Asos slash prices on cashmere, mohair and feathered clothes... and you could save HUNDREDS
19 June 2018, 15:36 | Updated: 19 June 2018, 18:06
The online fashion retailer are banning the products for ethical reasons.
ASOS is banning all mohair, silk, cashmere and feather products from its website.
The online retailer - which carries a whopping 850 labels as well as selling its own brand products - has made the announcement following a recent video from animal rights group PETA which exposed the cruelty of the mohair industry.
The company has already banned mohair, and cashmere, silk, and feathers will no longer be on their website by the end of January 2019 once all current stock has gone.
In a bid to shift the products that are being removed many items are now discounted if you do a quick search for 'silk', 'mohair' and even 'cashmere'.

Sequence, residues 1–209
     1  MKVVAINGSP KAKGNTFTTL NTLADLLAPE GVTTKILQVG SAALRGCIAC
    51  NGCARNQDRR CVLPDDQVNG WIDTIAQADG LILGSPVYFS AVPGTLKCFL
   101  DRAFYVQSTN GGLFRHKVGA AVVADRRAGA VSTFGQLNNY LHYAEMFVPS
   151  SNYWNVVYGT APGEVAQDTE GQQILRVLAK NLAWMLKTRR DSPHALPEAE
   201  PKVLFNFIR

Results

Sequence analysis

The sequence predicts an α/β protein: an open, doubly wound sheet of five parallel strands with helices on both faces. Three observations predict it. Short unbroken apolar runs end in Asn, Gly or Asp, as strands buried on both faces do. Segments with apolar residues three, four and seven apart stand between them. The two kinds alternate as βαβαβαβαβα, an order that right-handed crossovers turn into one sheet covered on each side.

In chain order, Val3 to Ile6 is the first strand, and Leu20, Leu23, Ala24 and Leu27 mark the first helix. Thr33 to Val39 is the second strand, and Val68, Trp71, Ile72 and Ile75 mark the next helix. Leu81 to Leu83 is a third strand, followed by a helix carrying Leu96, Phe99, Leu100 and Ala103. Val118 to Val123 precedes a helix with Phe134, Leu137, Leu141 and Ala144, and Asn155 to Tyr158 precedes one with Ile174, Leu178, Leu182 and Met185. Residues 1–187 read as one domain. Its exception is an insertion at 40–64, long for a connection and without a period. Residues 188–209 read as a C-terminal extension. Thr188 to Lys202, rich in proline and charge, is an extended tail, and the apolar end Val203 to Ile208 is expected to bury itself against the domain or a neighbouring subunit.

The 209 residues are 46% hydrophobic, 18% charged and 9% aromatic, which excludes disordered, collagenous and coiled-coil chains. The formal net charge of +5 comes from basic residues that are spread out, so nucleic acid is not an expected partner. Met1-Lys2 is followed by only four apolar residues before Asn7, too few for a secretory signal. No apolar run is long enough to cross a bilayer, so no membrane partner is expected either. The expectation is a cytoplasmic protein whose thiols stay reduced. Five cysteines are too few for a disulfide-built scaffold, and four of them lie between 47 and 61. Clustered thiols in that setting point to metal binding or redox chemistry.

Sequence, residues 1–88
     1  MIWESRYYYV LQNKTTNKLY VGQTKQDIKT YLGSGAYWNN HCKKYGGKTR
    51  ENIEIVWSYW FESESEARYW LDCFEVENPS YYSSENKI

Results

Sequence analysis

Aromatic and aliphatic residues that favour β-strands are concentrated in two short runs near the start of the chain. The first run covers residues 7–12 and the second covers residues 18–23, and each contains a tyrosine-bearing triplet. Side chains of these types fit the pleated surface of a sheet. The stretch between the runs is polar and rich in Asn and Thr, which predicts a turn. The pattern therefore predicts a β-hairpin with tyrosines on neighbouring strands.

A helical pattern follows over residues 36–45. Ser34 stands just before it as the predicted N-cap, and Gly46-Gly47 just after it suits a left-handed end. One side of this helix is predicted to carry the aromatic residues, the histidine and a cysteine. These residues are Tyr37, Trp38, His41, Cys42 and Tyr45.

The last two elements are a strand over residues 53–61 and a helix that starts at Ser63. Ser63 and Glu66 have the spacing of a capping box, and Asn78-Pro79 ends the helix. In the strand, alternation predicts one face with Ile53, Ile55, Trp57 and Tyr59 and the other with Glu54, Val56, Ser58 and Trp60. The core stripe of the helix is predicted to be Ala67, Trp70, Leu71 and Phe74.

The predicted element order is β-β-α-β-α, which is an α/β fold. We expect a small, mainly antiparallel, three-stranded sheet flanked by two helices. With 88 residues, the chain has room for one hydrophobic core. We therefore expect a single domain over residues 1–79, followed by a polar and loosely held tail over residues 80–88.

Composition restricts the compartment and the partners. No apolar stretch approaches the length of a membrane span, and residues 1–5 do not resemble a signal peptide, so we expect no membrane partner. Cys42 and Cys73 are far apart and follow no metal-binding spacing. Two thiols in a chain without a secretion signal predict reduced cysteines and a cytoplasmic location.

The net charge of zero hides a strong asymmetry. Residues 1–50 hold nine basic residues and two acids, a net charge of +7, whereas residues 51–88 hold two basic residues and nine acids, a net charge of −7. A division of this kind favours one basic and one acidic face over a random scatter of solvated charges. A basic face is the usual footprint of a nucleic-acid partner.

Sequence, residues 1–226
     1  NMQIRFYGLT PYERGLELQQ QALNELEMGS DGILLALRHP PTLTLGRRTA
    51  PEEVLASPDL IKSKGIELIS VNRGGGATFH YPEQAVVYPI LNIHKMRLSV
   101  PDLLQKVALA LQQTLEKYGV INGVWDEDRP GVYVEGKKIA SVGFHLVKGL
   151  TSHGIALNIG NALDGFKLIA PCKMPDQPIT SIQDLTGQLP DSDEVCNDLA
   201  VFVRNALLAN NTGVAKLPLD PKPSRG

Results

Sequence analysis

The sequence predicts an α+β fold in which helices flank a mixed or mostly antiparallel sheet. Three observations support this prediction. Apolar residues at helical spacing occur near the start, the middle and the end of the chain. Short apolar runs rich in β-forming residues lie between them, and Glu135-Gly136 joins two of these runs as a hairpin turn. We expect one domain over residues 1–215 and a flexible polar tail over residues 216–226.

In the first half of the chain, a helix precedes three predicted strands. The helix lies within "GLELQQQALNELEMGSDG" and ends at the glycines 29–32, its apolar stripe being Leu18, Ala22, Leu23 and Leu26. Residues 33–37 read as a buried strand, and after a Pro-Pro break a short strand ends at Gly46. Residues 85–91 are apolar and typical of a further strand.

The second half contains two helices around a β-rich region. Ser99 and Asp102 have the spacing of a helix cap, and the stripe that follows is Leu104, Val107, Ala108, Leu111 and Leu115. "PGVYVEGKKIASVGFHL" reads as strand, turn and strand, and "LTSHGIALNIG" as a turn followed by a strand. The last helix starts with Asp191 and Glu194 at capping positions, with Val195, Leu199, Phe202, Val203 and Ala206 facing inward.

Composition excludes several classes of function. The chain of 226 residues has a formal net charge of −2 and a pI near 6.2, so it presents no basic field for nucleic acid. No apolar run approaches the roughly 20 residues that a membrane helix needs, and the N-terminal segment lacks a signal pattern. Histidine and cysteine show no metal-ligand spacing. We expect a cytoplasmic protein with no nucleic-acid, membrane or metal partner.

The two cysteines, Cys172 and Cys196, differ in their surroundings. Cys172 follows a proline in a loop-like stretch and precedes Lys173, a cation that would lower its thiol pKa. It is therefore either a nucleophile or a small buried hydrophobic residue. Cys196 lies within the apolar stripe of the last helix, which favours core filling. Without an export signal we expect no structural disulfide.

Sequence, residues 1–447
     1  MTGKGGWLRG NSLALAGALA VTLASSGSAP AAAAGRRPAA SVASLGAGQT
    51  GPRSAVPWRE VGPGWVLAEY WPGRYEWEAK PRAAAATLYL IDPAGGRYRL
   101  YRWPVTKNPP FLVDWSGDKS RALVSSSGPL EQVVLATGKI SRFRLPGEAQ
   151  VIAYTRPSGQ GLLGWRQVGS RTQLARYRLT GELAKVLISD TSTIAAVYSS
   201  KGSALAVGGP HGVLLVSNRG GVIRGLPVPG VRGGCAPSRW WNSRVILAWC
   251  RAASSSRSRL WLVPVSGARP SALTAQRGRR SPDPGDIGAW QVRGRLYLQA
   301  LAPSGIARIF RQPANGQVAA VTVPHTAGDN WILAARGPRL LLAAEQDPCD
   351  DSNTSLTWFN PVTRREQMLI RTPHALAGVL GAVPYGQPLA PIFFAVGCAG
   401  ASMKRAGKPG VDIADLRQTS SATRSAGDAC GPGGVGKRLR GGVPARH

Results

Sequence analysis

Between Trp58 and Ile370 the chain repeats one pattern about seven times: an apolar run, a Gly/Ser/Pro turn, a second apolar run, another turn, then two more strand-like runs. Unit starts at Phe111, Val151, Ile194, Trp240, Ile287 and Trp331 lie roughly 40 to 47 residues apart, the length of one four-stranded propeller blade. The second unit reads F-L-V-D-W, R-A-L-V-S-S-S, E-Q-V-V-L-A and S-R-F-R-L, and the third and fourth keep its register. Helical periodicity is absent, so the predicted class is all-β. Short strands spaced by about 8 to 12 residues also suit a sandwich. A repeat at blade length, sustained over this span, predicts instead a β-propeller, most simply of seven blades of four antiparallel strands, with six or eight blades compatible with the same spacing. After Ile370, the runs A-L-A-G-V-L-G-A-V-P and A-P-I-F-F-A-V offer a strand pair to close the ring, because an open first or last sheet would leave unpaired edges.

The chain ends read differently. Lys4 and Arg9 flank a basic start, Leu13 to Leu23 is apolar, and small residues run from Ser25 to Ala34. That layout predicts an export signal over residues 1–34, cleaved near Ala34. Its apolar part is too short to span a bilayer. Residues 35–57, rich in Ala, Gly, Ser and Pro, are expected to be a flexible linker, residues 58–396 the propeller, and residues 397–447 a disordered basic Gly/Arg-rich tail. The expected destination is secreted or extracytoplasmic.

Some of the reductions are as much as 50% and more and if the ethical implications don't phase you, you can really grab a bargain.
The production of silk is considered unethical | Picture: Getty
If you are wondering why these particular fabrics unethical, here's why:
- Mohair is made from fluffy angora goats. The shearers get paid by the amount they of wool they gather rather than by the hour so carelessly shear the goats, inflicting injuries on them. PETA also revealed they are branded on their ears and have their horns cruelly burned off.
- Silk worms are boiled alive inside their cocoons to allow the threads they make the pupae with unravel to be collected for fabric. Nearly all the insects die in the process.
- Cashmere is also taken from goats, but many of the animals are shaved in the winter and end up freezing to death without their protective layer.
PETA has commended ASOS for their decision and their Director of Corporate Projects Yvonne Taylor said: "PETA applauds ASOS for leading the charge for compassion in fashion’
"In response to PETA’s campaigns, consumers are changing the face of the industry by demanding that designers and retailers ditch animal-derived materials in favour of cruelty-free alternatives that look great without causing suffering.’